Limiting your caffeine intake in pregnancy
Limiting how much caffeine you have during pregnancy is important because high levels have been linked to pregnancy complications, such as low birth weight. It has also been linked to miscarriage and stillbirth. The current NHS guidelines recommend that pregnant women should have less than 200mg a day. This is about 2 cups of instant coffee.
However, new research from our Tommy’s research centres shows that the risk from caffeine increases the more you have. So it’s a good idea to reduce the amount you have as much as possible, to reduce any potential risks. Although this might sound scary, try not to worry as the risk to your baby is still very low.
Calculate your daily caffeine intake
How much caffeine do you have a day?
- A can of cola has around 40mg of caffeine
- A mug of tea has around 75mg
- A bar of plain chocolate has around 25mg
- A cup of instant coffee has around 100mg
- A mug of filter coffee has around 140mg
- Energy drinks: a 250ml can has around 80mg.
If you drink sports drinks, remember check the amount of caffeine in these too. Some now have caffeine added.
What does 200mg of caffeine look like?
You will be reaching 200mg of caffeine with, for example:
- 2 bars of plain chocolate and one mug of filter coffee
- 2 mugs of tea and one can of cola.
Cutting down on caffeine
Caffeine is found naturally in some foods and drinks, such as tea and coffee. It is also added to some products such as energy drinks.
One study found that energy drinks, instant coffee and cola had the strongest links to pregnancy complications. It is best to try to avoid these during pregnancy and find replacements. Energy drinks and cola also contain lots of sugar, so it is good to limit these as part of a healthy diet.
Decaffeinated tea and coffee, fruit juice or water are all good choices if you are used to drinking a lot of caffeinated drinks.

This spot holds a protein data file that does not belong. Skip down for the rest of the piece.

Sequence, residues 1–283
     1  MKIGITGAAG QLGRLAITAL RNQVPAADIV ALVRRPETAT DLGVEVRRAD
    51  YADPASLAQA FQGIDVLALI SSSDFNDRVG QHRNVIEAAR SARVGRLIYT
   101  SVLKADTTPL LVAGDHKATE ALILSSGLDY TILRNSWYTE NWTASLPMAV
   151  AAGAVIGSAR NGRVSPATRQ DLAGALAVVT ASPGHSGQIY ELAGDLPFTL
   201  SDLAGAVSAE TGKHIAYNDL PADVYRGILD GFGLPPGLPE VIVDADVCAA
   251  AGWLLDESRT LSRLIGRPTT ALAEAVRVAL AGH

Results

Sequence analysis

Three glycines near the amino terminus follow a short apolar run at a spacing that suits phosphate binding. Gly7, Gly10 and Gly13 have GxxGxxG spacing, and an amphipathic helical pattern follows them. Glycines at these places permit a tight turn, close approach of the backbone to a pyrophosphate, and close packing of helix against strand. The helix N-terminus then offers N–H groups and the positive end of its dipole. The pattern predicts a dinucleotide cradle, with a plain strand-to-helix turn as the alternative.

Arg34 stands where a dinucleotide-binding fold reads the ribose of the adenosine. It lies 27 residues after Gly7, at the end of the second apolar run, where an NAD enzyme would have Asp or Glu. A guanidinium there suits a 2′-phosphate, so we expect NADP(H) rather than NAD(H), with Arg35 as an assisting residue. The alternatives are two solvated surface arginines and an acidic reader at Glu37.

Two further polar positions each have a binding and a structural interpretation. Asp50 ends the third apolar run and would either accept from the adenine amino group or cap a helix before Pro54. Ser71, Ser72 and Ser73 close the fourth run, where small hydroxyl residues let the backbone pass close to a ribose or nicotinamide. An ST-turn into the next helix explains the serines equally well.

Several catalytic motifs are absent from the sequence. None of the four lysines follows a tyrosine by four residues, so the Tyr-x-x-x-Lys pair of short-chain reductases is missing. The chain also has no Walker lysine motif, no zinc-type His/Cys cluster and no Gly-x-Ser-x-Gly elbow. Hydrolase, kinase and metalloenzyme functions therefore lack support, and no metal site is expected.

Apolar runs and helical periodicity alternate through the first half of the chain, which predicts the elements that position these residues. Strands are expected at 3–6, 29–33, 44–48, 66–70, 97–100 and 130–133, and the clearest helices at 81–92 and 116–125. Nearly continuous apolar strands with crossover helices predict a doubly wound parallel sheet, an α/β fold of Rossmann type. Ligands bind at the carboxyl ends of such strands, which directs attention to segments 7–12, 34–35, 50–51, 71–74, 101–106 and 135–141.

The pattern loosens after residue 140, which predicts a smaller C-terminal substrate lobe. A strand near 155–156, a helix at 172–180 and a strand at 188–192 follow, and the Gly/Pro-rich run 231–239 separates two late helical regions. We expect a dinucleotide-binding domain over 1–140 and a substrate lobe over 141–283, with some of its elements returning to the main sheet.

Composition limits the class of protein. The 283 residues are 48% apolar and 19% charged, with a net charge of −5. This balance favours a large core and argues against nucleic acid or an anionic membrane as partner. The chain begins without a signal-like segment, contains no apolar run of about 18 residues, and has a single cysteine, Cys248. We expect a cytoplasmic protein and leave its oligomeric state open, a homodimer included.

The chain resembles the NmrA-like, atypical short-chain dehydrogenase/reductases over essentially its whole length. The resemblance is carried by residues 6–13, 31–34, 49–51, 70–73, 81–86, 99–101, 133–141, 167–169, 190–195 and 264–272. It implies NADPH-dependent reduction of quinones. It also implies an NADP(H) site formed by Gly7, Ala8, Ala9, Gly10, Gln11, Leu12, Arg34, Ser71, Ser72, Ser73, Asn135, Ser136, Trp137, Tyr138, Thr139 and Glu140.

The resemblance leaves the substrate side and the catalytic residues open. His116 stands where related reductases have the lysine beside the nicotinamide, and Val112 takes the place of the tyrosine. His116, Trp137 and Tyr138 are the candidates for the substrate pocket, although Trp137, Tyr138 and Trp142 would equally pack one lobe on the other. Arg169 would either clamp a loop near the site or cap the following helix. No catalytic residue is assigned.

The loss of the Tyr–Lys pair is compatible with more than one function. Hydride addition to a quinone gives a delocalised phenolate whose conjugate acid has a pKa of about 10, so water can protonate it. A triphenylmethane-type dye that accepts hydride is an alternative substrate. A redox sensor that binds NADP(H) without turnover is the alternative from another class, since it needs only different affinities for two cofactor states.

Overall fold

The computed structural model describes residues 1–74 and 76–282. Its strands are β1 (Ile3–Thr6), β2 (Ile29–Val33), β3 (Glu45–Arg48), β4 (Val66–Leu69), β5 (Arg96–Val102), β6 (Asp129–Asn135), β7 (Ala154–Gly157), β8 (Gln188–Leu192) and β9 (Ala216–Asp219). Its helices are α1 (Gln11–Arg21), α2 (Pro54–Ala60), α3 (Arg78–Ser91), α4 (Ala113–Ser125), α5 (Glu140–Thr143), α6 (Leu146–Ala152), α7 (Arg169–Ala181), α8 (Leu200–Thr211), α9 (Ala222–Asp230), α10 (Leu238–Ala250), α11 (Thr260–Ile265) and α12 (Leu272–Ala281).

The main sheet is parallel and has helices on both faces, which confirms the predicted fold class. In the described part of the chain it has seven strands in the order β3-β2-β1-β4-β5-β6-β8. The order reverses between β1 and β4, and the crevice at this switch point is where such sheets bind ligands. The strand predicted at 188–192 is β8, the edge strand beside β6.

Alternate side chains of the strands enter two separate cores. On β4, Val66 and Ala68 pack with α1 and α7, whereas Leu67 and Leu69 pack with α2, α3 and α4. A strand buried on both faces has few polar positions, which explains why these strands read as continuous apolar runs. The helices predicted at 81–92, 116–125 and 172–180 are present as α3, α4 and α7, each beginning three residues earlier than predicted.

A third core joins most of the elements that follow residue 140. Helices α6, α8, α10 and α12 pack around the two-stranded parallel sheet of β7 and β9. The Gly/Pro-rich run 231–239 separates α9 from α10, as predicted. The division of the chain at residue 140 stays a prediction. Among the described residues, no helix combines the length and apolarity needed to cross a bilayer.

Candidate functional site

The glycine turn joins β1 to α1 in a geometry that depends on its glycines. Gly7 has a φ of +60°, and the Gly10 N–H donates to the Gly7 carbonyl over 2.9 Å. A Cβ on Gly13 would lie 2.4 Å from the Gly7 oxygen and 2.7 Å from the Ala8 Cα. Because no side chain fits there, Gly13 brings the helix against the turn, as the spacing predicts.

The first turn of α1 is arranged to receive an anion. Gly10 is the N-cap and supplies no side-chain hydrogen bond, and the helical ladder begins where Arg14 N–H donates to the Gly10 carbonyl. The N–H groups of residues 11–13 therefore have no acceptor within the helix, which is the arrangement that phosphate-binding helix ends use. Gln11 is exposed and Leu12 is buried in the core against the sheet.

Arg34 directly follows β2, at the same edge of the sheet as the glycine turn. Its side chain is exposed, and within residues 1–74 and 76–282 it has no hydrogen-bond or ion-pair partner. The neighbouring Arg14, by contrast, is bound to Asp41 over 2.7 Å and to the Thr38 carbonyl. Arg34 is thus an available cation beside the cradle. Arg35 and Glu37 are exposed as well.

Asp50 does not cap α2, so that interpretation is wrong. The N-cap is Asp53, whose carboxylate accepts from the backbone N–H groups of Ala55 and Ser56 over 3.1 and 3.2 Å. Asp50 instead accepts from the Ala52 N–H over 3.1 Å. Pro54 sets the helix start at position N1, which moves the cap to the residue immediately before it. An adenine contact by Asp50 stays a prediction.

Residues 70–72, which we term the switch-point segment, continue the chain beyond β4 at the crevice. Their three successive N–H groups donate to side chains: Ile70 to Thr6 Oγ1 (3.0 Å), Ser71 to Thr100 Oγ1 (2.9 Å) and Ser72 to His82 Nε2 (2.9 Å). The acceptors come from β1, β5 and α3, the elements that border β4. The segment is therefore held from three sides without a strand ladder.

Be aware that decaffeinated products still contain a very small amount of caffeine. The amount may vary, but it is still much lower than regular caffeinated products.
I found slowly weaning myself off caffeine and onto decaffeinated versions of tea and coffee was a good way to reduce and majorly decrease my intake. Now I don't even really miss the caffeine buzz.
If you are drinking coffee because you are feeling tired, the best thing to do is eat a balanced, healthy diet to make sure your energy level is maintained. You can also read our tips for getting more sleep during pregnancy.
Caffeine in painkillers
Some painkillers include caffeine, including some types of paracetamol. Tablets that have combined paracetamol and caffeine are not recommended. The patient information leaflet will tell you how much paracetamol and caffeine are in each tablet. Find out more about painkillers and pregnancy.
Always talk to your midwife, pharmacist or another healthcare professional before taking any medicines in pregnancy, including cold and flu remedies.
Heazell A E P., Timms K., et al. (2020) Associations between Consumption of Coffee and Caffeinated Soft Drinks and Late Stillbirth – Findings from the Midland and North of England Stillbirth Case-Control Study. European Journal of Obstetrics & Gynaecology and Reproductive Biology. 256:471-477.
NHS Choices (accessed 28/10/20) Can I take paracetamol when I am pregnant? https://www.nhs.uk/medicines/paracetamol-for-adults/
NHS Choices (accessed 28/10/20) Should I limit caffeine during pregnancy?: https://www.nhs.uk/pregnancy/keeping-well/foods-to-avoid/
National Institute for Health and Care Excellence (2019), Scenario: Antenatal care - uncomplicated pregnancy: https://cks.nice.org.uk/topics/antenatal-care-uncomplicated-pregnancy/management/antenatal-care-uncomplicated-pregnancy/